I try to shoot and follow the guidelines by Ulrich on a daily basis, although I don’t always manage to set aside time for Your Daily Record. Nevertheless, I notice how it has sharpened my awareness and even increased my effectiveness when I photograph an assignment. I am quickly able to get in flow. The photo following this post was shot one morning some time ago during a walk while shooting Your Daily Record.

For the record, Holly who writes the blog House of Heart, recommended The Accidental Masterpiece to me. She creates beautiful poetry. I suggest visiting her blog.

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Good Habits

Sometimes being creative is extremely demanding. Sometimes I have to push myself to get going, whether I am writing a text, photographing, doing post-production, making a blog post like this or something quite different. Sometimes it’s hurting almost physically to try to be creative.

There is no easy way around the fact. However, good habits can help. As Twyla Tharp, one of America’s greatest choreographers, concludes in her book The Creative Habit: “It’s vital to establish some rituals—automatic but decisive pattern of behaviour—at the beginning of the creative process, when you are most at peril of turning back, chickening out, giving up, and going the wrong way.”

These last couple of weeks, I have been making good habits for myself. I don’t say so to brag, but maybe it can be an inspiration for others who might feel overwhelmed by the demands of being creative—or trying to be.

I usually work a lot, but can also be good at procrastinating, particularly chores I would rather not do. As strange as it may sound, creative tasks might sometimes belong to that category, at least until I get started. The point is simply to get started, at least for me. For instance, I find writing more demanding than anything else I do. I love to write, but I hate to write, too. Or; I love to photograph on the streets, but it scares the shit out me, too. It’s all a big contradiction, but isn’t that what creativity often feels like?

Good habits have saved me from complete disaster this last month. I have been buried in plenty of work, which generally is good for a freelancer if you want to survive. But can also cut you short of drowning. My weeks have been juggling between making interviews, photographing for the same articles or some other assignments, writing the texts and editing the photos. It’s been hard not falling behind with the work.

My way to dealing with the load of work, has been to organize good habits for myself. When I have gotten up in the mornings, I start the day with reading the day’s newspapers. As a journalist, I need to know what is going on, so it’s part of the job. When done with the papers, I went to my desk and started to write whatever article I had in the working. There was no way around it. Every day, writing would be the first thing I did. Part of it this, is the fact I pointed to already; that writing is such a demanding process for me. By getting going with writing as the first thing each day—and not allowing myself any excuses doing anything else—I would be working much more efficiently than otherwise. My habitual schedule would be to write up until lunch. From there on, I would organize interviews or photo shoots if needed and/or processing images. Finally, at the end of the workday I would do the odd jobs, like sales taxes, answering emails or other office work.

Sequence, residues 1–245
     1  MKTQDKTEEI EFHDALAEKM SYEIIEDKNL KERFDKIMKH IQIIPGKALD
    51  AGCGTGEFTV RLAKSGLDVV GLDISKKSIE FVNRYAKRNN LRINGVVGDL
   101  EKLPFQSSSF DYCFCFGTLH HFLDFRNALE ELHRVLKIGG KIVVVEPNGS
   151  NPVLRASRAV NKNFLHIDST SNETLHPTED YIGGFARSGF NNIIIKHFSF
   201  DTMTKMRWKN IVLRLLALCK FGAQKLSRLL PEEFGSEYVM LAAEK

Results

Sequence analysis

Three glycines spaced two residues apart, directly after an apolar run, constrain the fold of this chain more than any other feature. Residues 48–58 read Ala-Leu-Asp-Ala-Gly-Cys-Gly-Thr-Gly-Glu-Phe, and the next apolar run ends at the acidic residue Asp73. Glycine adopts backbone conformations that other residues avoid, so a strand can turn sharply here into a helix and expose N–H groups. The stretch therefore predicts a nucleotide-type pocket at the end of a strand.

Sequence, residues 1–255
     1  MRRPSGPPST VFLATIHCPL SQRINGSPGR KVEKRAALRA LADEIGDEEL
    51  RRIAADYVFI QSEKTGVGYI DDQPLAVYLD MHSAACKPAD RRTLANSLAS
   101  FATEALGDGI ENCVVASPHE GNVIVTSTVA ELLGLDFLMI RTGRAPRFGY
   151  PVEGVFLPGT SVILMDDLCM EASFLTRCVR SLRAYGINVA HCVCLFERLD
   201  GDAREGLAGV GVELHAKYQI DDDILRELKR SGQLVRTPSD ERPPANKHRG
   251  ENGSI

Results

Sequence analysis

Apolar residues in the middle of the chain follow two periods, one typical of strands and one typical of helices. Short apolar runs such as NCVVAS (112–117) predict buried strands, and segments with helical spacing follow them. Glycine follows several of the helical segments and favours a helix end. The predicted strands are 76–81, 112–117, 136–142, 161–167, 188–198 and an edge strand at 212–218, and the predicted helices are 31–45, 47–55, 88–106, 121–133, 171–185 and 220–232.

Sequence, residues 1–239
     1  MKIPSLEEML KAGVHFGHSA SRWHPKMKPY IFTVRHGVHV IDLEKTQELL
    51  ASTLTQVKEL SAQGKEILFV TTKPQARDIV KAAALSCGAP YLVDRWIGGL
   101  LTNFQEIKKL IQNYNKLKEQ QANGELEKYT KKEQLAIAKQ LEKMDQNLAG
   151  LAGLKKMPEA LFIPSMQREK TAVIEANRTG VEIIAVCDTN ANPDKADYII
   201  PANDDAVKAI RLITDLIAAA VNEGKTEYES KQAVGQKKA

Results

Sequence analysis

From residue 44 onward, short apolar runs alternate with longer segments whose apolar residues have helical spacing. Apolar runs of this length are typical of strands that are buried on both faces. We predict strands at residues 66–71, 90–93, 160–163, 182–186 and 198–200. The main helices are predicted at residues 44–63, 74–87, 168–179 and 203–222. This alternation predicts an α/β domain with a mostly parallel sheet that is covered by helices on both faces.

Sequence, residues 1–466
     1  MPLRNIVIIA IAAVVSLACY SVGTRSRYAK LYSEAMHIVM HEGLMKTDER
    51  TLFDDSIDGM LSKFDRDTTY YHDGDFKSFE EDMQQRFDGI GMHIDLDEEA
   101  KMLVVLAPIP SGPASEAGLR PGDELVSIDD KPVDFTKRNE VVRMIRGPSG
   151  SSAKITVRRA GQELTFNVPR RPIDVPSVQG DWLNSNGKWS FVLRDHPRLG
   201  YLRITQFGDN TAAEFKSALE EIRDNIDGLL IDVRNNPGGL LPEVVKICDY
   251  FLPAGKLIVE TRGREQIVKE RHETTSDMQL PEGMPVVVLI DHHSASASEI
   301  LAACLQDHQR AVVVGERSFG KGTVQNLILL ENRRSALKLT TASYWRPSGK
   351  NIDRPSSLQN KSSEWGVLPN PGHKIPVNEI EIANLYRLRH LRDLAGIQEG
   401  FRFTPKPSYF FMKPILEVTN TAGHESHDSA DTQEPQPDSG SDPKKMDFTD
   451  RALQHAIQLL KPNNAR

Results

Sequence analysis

The key for me has been getting started with the writing and forcing myself to write no matter what. And, yes, some days I felt empty and not able to write anything inspiring. I would still write however boring it would come out, accepting that it would have to be edited at a later stage. As I noticed I was able to keep up with the work, it inspired me to keep going on like this. I think I have been more efficient than I often am. I usually work long hours, starting the day at 7.80 am and not ending work before 7 pm. (It must be noted that included in this time frame, is reading the papers as well as physical training, as I see the latter as equally important as my work and thus need to make sure I create room for it).

Nevertheless, there it’s still plenty of time for work. That has sometimes been part of the problem. In the morning, I might think there is no hurry since the day is still long in coming, so I find ways to postpone what I don’t want to do and end up wasting time. And suddenly the day is gone.

With good habits, I keep pushing and don’t allow myself much breaks before the work is done. Instead, I might end the day earlier and have a longer evening off for pleasures or doings not related to work. It’s really been exciting when I notice I have been able to keep up with all the work needed to be done. Before this last weekend, I was completely adjourned with all work up until then, and for the first time in very long, I could take the weekend off with a clean conscious—despite the workload hanging over me three weeks earlier. Usually, there is always something I could do or ought to do in the weekends, but this time there was nothing to do at all. This weekend I felt light and keyed up realizing I could do nothing if I so wanted. Even if I didn’t, just knowing made me thrilled.

Good habits create space for creativity. It frees up your mind and inspiration, when you otherwise might get bugged down by the mere thought of what could end up becoming insurmountable chores. Again, to quote Twyla Tharp: “Turning something into a ritual eliminates the question, Why am I doing this? The ritual erases the question of whether or not I like it. It’s also a friendly reminder that I’m doing the right thing.”